Developmental Dictatorship and Yushin Regime
“There must be certain levels of economic and social development, before establishing democracy” (Park, 1979, p. 42).
“We may accept Western rationalism, but not the ills of individualism; we may accept the concept of the rule of law, but not strict formalism” (Park, 1979, p. 65)
Effect on Population
Poster for the October Yushin Regime, emphasizing a "fruitful tomorrow" ($10 billion of exports, $1000 gross Income) and developed rural areas (farmland)
Scholars Debate: Brutal Dictatorship or Great Leadership
Professor Lee Joung-woo, Harvard University
"Attempts should not be made to validate the argument that the long dark shadows cast over the Korean people during the developmental period were an inevitable consequence of leading the country onto the right path. Although industrialization was successful, the dictatorial regime used it as a means of consolidating its Cold War ideology of anti-communism, reinforcing its political power, and aggravating the hostile confrontations between the South and the North on the Korean peninsula. The flower of the so-called miracle on the Han River bloomed amidst the compounded tragedies of national division, political oppression, popular revolt, and the Cold War" (Lee. 2003).
Ko Song-guk 1980(ok)
"It is no exaggeration to say that developmental dictatorship is a core concept integrating the Korean experience of modernization in the era of extremes, as well as a key notion characterizing the Jung-hee Park regime. The conventional definition of developmental dictatorship is that it is “a system used to justify a dictatorship that restricts the people’s participation in politics based on the reason that political security is a prerequisite to economic growth” (Ko Song-guk 1980).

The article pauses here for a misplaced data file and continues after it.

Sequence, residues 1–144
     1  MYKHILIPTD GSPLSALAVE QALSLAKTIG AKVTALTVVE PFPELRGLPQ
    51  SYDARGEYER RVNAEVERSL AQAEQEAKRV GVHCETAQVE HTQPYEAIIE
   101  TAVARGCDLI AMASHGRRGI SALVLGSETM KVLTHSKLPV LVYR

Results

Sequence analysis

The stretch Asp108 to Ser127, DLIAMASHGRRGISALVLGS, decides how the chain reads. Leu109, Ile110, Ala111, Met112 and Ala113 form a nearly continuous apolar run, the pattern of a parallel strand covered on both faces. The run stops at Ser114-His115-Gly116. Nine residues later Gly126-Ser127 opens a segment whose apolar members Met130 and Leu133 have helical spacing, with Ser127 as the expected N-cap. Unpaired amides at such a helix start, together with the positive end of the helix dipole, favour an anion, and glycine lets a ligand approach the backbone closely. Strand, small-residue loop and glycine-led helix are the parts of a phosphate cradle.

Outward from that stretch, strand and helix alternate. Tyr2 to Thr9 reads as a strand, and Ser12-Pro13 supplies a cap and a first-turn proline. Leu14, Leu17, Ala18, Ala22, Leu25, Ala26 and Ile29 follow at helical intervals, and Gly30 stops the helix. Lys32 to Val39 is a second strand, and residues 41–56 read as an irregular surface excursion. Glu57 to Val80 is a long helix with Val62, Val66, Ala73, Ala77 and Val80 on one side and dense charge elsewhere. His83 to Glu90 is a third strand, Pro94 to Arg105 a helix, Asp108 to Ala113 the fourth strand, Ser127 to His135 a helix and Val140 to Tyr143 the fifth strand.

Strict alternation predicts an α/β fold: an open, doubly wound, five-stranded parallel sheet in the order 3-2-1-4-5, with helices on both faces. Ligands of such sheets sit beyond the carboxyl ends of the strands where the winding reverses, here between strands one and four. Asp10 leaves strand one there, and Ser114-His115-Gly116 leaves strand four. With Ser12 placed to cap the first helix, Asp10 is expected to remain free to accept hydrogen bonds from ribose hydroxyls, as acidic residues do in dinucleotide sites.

"During the early years of military government there was an intellectual debate on national reconstruction. The Park administration concentrated on this issue and tried hard to gain the trust of the Korean people. His speeches inspired people to unite and fight against the poverty and sluggishness that had captured the nation for many years"
In order to make the revolution for modernization possible and to create a sustainable growth regime for industrialization there needed to exist a dominant power bloc and a collective will. Park’s political regime was equipped with competent bureaucrats. To his relief, the developmental bloc was not like a predatory coalition that could have rendered detrimental outcomes for the general population. Instead, it formed an industrialist and protectionist partnership that helped the nation go into the global arena. Two key policies provided this success. One is the industrial policy of combining export promotion and import substitution. The second is the capital accumulation regime based on institutional forms called chaebols (Mason, 1980)
Pollster Yoon Hee-woong, Korea Society Opinion Institute
"It is as simple as that everybody won as a result of economic growth during the industrialization period. All socio-economic classes experienced their living standards going up. So there was no such thing as a winner-or-loser debate at the time"